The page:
'Alice in Wonderland' features a huge cast
By Denise Coffey - Staff Writer
Killingly - posted Tue., Jun. 14, 2011
More than 150 people streamed into the Little Theater on Broad Street on June 10 for the production of “Alice in Wonderland.” Many in the crowd were parents and relatives of the stars - 80 children ranging in age from 5 to 14.
The sheer number of children who turned out for tryouts was a challenge to director Allegra Plantier. “We didn’t want to turn anyone away,” said Plantier. But the children had to commit to three rehearsals a week for six weeks.
In the end, the play included three different Alices and three Cheshire Cats. Besides the main characters such as the Mad Hatter, the March Hare, Rabbit, Caterpillar, and Tweedle Dee and Tweedle Dum, there were scores of flowers that sang and danced, a batch of crustaceans in seahorse, crab, jellyfish and lobster costumes, and quite a few playing cards (Six of Spades, Joker, Five of Diamonds and the like) who served in the court of the mean Queen of Hearts.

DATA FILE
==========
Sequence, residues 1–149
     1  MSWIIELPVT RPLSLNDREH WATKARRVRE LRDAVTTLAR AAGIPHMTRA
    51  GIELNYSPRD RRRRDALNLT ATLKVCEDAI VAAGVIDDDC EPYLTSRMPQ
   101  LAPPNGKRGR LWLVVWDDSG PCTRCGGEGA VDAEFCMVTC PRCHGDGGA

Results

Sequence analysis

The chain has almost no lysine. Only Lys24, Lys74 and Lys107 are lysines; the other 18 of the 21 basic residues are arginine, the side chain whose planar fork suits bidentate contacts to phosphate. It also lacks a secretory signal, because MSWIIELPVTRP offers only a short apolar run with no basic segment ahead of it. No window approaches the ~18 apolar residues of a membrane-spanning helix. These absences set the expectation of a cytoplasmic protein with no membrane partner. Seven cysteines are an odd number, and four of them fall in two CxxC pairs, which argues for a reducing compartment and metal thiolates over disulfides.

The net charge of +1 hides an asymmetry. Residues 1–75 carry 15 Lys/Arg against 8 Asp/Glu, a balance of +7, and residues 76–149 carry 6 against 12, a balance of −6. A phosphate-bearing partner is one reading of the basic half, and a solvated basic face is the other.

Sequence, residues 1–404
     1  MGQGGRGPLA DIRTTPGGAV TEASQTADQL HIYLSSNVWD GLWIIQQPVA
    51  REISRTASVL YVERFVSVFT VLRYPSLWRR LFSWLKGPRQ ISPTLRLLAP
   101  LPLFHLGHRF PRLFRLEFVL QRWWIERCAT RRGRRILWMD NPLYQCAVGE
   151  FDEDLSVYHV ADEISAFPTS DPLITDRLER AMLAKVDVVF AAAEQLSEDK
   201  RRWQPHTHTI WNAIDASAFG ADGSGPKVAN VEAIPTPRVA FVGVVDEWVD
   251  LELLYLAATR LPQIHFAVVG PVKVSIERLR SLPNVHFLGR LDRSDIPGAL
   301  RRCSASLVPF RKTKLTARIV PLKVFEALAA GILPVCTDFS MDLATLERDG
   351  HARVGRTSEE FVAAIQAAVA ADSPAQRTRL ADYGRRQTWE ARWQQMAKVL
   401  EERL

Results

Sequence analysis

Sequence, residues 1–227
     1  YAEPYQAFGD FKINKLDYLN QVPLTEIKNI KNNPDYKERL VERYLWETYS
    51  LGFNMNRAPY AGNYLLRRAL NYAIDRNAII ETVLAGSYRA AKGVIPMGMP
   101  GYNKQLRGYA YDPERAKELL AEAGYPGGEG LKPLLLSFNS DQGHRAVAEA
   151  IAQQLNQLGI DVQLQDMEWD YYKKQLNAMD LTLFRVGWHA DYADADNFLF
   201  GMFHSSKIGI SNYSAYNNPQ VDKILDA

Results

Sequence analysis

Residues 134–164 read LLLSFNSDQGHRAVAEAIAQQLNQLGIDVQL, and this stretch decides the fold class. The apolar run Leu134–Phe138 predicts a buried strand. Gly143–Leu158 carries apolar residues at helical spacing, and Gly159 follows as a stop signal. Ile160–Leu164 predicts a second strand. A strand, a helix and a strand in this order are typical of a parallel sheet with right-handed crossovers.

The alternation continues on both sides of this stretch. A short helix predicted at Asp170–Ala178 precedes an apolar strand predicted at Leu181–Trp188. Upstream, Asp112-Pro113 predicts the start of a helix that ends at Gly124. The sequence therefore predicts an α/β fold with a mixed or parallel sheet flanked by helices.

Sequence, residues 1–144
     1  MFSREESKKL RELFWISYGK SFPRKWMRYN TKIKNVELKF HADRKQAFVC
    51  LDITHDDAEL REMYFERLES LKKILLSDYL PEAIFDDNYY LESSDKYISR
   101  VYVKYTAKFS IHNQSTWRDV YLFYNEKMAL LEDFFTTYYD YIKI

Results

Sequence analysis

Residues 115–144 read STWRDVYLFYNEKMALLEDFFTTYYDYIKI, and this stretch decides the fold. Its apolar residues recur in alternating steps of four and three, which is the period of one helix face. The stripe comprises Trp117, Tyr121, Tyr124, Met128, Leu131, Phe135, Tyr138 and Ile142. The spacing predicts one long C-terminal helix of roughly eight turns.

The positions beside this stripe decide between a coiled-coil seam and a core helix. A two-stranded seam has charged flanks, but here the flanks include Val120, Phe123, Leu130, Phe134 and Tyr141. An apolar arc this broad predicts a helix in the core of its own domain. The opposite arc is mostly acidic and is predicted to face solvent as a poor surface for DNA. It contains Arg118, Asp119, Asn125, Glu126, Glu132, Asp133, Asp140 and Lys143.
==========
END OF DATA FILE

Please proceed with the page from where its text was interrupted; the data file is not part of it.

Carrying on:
“The children had great energy,” Plantier said. “They worked so hard.” About 40 percent of the kids in the show were new to theater, she said. Some of the older kids took it upon themselves to help the younger kids work out the kinks in their rehearsals.
Plantier wanted all the children to learn new skills, whether they had acted before or not. The line she kept repeating to them was, “You are in the show. You aren’t watching it.”
“We kept repeating that line,” she said. “We must have said it nine million times in rehearsals.”
Plantier brought in Taylor Randolph as a student director. “She’s the most organized, responsible kid,” Plantier said. She had praise for her costumers, too, who were undaunted with the prospect of outfitting 80 children.
Keeping the family atmosphere intact was important for Plantier, who called the entire cast and production crew a family. “It is a community,” she said. “It is a family atmosphere. Moms and dads make the costumes. Moms and dads help us with running the concession stand.”
Eighth-grader Alyssa Harvey watched the play with her friend Gabbi. “The show was awesome,” she said.